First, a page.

As protests have spread across the United States and the globe in response to the death of George Floyd and the long history of police brutality against black lives, there has been a notable visual aspect alongside the crowds of people: the art of protest. While there have been a number of legally produced projects, such as the memorial mural painted at the site of George Floyd’s death in Minneapolis, Minnesota, and the giant yellow text painted directly upon the newly named Black Lives Matter Plaza in Washington DC, guerrilla graffiti and street art interventions have also appeared in streets around the world, including a train painted with graffiti reading ‘Please, I Can’t Breathe’ by the 1UP crew. In addition, in a more immediate accompaniment to the protests, alongside the physical presence of chanting bodies calling for change, placards and banners have featured calls for action (“Defund the Police”), civil rights iconography, such as the raised fist symbol, and portraits of victims of police brutality. But perhaps most reflective of the urgency and anger of the protests has been the graffiti marking protest sites. Rather than the identity-centric hieroglyphic tags or dynamic pieces, this graffiti has been concerned with legible political declarations over style and aesthetics.
In various scenes, backdrops have been covered with slogans such as ‘Black Lives Matter’, ‘ACAB’, ‘RIP George Floyd,’ ‘Say Her Name: Breonna Taylor’, and more, creating iconic images that capture the poignancy of this time in history. The plinths of monuments, many with ties to the injustice of colonialism and slavery, have been transformed by layers of paint, a reminder of the potential to change the world. Even here in Christchurch, messages such as ‘George Floyd Rest in Power,’ and ‘All Power to th[e] People’ have been sprayed on walls. In the wake of the earthquakes and the March Terror Attacks, messages of a similar nature appeared, voices of dissent in times of upheaval. The tactical use of graffiti in such a way recognises the potential of writing on walls to endure beyond the dissipation of vocal cries, as well as the need to disrupt deeply entrenched systemic issues by attacking the façade of their control. In stereo, the chants, signs and graffiti form a swelling voice, refusing to be ignored.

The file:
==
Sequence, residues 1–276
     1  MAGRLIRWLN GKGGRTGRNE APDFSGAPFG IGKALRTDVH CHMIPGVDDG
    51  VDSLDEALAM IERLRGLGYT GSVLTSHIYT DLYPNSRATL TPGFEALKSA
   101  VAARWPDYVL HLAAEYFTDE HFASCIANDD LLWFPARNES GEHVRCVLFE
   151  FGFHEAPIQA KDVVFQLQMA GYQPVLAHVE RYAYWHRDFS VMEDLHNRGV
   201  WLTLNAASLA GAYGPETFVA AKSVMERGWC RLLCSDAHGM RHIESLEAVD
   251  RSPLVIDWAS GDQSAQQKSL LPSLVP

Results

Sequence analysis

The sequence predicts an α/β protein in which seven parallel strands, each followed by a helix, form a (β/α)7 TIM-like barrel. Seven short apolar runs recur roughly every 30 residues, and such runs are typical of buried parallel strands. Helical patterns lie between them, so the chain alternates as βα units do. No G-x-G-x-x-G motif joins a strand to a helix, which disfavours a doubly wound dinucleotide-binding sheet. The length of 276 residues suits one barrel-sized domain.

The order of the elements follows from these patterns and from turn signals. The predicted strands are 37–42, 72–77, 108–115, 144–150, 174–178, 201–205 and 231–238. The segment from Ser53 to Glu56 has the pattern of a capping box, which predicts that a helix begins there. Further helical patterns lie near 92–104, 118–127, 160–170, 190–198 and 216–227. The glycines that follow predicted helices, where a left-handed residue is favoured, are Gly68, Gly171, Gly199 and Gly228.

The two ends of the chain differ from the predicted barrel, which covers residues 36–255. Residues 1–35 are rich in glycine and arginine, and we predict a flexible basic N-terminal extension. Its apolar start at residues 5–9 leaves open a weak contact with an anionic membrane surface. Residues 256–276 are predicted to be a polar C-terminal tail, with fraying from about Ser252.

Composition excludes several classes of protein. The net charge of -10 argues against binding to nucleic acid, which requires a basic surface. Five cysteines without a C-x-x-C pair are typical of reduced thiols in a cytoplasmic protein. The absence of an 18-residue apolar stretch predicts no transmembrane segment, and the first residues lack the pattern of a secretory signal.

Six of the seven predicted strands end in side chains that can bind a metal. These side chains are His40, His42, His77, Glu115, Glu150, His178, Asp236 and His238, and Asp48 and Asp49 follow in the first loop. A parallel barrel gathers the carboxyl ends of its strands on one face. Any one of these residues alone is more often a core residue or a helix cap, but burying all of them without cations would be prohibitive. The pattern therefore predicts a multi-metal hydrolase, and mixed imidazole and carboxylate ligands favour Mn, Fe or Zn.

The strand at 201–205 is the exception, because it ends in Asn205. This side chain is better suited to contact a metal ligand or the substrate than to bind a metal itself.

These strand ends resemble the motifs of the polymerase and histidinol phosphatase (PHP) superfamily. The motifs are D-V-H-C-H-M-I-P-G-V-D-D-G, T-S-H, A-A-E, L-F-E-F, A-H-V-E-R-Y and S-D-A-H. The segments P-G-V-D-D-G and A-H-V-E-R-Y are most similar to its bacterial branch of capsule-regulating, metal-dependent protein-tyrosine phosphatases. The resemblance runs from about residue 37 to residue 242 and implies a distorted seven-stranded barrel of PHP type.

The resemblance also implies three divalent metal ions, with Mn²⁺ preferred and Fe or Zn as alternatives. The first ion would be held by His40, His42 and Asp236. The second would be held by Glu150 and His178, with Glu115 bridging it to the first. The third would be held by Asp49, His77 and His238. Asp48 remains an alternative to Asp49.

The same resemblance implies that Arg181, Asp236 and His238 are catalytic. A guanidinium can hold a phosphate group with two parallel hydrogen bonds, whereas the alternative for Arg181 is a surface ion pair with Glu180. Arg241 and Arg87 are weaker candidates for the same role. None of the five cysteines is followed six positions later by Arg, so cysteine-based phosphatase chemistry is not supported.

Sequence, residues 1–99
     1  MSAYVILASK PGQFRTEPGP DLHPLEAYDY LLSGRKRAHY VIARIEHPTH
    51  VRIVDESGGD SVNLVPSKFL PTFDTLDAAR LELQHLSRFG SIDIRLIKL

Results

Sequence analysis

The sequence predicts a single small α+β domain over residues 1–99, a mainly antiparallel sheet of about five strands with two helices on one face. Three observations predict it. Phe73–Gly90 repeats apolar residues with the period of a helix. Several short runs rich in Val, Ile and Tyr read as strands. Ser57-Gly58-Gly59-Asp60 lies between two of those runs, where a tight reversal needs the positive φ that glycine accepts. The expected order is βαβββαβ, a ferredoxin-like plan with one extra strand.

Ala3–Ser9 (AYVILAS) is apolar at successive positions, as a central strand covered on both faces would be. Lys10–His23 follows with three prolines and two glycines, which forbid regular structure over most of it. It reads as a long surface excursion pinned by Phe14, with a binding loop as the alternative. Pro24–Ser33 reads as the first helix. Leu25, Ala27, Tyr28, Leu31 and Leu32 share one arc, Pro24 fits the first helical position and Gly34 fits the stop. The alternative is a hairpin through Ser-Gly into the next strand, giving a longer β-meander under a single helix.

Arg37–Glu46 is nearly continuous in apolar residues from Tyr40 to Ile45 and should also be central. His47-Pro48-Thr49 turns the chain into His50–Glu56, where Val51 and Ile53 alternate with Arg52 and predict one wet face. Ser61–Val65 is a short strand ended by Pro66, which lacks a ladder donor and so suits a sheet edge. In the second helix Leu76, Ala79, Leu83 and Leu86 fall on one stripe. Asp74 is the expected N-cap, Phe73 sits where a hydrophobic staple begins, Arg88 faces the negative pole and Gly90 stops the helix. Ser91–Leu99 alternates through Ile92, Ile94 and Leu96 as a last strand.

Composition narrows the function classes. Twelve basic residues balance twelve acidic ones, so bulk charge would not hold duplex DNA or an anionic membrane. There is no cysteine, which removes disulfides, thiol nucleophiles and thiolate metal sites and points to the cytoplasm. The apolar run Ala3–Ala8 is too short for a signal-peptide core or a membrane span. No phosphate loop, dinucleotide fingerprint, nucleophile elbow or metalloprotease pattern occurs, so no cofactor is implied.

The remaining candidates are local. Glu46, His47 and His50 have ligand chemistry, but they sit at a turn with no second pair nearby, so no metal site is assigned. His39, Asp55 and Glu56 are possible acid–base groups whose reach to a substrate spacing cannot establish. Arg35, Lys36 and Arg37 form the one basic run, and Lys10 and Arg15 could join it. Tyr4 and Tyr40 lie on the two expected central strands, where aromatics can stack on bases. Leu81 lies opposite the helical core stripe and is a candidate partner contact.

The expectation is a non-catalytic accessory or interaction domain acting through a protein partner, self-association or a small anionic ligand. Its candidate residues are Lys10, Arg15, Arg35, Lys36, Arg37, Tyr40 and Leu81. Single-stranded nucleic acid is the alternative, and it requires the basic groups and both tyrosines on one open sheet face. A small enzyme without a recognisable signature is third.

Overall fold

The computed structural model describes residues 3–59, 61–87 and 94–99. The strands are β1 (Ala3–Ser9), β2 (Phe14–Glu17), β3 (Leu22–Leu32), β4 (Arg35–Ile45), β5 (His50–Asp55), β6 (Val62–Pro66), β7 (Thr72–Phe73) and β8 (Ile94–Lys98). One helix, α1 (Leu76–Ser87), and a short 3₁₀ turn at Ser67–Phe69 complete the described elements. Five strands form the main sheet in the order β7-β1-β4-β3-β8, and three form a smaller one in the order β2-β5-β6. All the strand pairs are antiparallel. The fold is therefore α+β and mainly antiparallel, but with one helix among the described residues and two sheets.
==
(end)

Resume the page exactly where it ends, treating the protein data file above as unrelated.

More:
Graffiti and street art have always had the potential to make meaningful statements, either specifically, or through their method of intervention, questioning public and private space and declaring presence and identity in the face of neglect. However, increasingly, street art as it is framed so often by now has for many become about the shiny, and ultimately palatable, act of beautification, even when conveying an important message. Of course, the relationship between muralism and gentrification has been a discussion point for some time, but now it seems even more important. Murals can raise meaningful issues, but their means of production often place them in a compromised position, especially in relation to the direct discourse of wall writing. Sometimes it takes a jarring urgency of voice, as an image of graffiti recently posted by international street art festival Nuart that declared: ‘We want change, not a ‘mural’’.
- Messages in support of the current protests sparked by the death of George Floyd appeared in Christchurch, such as this one on Colombo Street in the central city.